Monday, September 09, 2013

Johnny Cocktail: Obscured By Masks production notes

On 20th October 2011, beat combo Keshco unveiled an hour-long psychedelic comedy film starring Robert Follen as unorthodox lifestyle guru/private investigator Johnny Cocktail. This particular project had a long and tortuous journey before making it onto YouTube; indeed, that it even appeared at all is testament to a certain kind of unhealthy obsession that should be a lesson to any would-be film-makers out there. So, Johnny made it past the masks, but how did he get so obscured?

If you've read the previous blog, you'll remember that we intended an entire series called "Johnny's Quest For The Truth", starting with Johnny recovering from an off-screen breakdown and finding his way again through exploration of art, food, religion, nature etc. As part of the first episode, Johnny was to have a pill-induced seizure, and whilst unconscious to have a brief dream sequence, before waking up fresh out of hospital. This little sequence turned out to be the most enjoyable section to film, and we rapidly went way beyond any notion of fitting the sequence into 90 seconds. Characters, visual metaphors, dialogue... we kept filming more and more for the dream, whilst the series around it ground to a halt. Eventually there was an awful lot of random dream footage. Faced with this confusing about-turn, we got stuck for direction and put the project to bed for a while.

In mid-2008, I took another look at all the dream footage and edited it down into about 45 minutes, 45 rather unsatisfying minutes as there was virtually no understandable plot progression save a couple of scripted scenes. Now we had a better digicam at our disposal, we could add new footage and push up the overall quality. This would be a nice quick process, just to get it out there.

By 2010... well, we'd got a little further, picking up the threads every 3 months or so. Every new scripted scene and silly moment helped the overall flow, with my repeated passes through the video editor aiming to keep the overall run time under 1 hour; and an actual plot developed, involving a race of clones from another dimension, and the idea of Johnny's essence being harvested to provide fresh creative impetus for a war fleet - they were scanning the galactic frequencies when they came upon transmissions of Johnny's old programmes, and took his false-advertising statements of world-saving heroism seriously.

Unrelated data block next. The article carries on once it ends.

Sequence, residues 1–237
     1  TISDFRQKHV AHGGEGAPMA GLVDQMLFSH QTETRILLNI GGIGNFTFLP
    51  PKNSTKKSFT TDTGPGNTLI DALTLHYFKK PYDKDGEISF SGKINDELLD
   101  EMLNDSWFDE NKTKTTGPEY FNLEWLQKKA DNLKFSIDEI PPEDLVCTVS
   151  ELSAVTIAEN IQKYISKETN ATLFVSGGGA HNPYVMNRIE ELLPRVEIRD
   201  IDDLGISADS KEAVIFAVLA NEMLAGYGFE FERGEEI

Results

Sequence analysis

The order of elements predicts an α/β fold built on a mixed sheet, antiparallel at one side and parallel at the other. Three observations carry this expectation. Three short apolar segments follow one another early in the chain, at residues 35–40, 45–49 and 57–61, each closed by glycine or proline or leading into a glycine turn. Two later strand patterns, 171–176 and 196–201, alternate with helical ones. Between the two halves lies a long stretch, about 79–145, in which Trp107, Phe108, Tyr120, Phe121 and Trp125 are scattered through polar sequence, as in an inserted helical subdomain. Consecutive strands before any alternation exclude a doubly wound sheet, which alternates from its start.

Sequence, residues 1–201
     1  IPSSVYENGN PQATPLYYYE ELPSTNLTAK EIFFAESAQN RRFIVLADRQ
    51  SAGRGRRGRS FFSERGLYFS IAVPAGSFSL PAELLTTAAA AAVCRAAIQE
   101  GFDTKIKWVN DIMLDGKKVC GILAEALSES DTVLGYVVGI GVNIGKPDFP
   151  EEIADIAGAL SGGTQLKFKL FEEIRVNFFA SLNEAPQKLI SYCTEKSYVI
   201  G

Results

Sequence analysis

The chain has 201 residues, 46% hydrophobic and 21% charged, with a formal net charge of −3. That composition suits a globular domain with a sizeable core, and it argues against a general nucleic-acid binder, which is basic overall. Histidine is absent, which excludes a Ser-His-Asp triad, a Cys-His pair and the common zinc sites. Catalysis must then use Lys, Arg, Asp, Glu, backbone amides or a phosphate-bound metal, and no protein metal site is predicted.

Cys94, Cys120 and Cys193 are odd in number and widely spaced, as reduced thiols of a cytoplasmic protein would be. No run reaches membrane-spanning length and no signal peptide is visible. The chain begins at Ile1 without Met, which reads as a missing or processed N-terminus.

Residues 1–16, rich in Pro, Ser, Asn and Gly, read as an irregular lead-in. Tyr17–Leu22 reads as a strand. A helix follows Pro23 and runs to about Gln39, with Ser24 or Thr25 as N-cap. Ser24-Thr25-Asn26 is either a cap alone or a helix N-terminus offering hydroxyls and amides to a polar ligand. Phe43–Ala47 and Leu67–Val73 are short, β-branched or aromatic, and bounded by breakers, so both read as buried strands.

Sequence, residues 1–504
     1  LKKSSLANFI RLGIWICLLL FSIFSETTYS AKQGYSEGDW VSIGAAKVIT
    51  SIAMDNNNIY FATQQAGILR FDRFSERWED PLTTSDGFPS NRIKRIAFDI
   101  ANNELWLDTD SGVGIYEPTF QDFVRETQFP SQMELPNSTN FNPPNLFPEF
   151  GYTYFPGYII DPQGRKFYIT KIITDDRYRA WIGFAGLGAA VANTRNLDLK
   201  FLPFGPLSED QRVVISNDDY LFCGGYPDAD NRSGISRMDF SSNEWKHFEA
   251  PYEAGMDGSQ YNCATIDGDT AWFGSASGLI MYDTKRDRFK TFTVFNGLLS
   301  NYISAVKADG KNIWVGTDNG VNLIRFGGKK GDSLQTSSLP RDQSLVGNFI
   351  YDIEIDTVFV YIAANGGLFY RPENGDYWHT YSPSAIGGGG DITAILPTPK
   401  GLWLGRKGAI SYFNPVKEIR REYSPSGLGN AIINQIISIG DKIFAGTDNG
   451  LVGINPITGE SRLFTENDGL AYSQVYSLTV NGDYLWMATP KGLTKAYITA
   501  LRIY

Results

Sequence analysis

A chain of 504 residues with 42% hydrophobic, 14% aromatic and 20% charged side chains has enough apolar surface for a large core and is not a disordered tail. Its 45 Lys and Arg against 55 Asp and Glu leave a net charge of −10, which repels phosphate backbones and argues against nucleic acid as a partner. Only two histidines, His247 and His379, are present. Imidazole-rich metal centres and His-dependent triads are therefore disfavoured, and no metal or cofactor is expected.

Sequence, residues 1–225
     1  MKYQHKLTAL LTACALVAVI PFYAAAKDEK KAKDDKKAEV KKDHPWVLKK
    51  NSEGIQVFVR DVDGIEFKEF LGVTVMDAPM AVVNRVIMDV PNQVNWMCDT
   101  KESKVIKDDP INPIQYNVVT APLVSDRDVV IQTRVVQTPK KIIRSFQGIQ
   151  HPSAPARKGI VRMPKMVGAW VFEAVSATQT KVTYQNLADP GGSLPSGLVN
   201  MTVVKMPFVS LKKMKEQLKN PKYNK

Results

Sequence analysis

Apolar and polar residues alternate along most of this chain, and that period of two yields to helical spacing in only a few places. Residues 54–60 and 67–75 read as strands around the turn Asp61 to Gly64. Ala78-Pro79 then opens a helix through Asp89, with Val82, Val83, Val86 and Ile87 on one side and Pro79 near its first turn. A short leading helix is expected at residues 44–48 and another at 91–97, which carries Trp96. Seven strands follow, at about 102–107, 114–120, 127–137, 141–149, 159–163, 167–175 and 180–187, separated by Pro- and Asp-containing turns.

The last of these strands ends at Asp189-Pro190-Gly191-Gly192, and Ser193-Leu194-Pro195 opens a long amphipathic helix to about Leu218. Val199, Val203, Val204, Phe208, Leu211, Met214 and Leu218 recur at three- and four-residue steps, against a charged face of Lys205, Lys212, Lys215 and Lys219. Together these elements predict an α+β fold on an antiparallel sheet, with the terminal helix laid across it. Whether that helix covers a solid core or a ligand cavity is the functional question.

From here, all the new footage was planned and scripted first, leading to that familiar Keshco phenomenon of chance elements weaved together through the thinnest of references, to give a false impression of coherence. It's not a script you'd sit down and write from beginning to end, that's for sure; but our overall aim was for something peculiar and daft, not watertight. Some scenes are almost definitely in the real world, some scenes are almost definitely in a dream world, and the narrative/pictorial logic works both ways at different times.

It's quite sad looking at the YouTube stats which show a massive viewer drop-off midway through part two, just after the baddie has outlined the full horror of his nefarious plan to Johnny. It suggests that the viewers so far were predominantly wrapped up in concerns of plot. The fools, they've got it completely the wrong way round! The result is that most people haven't seen the best effects sequences of the film (and a couple of the best jokes) which are in the last 10 minutes.

Yes, the video effects. Moving from the glitchy VideoStudio 10 to the barely-less-glitchy VideoStudio X2, I faced a tedious amount of lost saves (the program crashing on preview, or usually on exit) and broken effect chains. Overlays would be programmed, then lost and angrily reprogrammed. VideoStudio has many restrictions as a creative tool, though this forced me to find workarounds that were often well worth the effort. The FX-heavy nature of much of this project made real-time previews impossible. I'd have to render sections, make notes on the wildly off-target effects, then take best guesses before rendering again.

We must ponder Robert's sterling character work in all this. In another world Robert would have been the next Kenny Everett, and indeed JC is menaced by a film producer in one section who acts just like one of Kenny's creations. This was only one of many, many characters you meet in the whole film who are brought to life courtesy of Robert's mastery of costume, make-up, prosthetics and accent.

The rest of us filled in where we could, with Luke contributing some clients and Caroline taking the important role of Johnny's long-suffering PA.

Ultimately, it was a valuable learning experience, and has taught me a lot about editing and timekeeping, but it's still searching for its appreciative open-minded audience. I suspect those who enjoyed "Lint" by Steve Aylett may be receptive.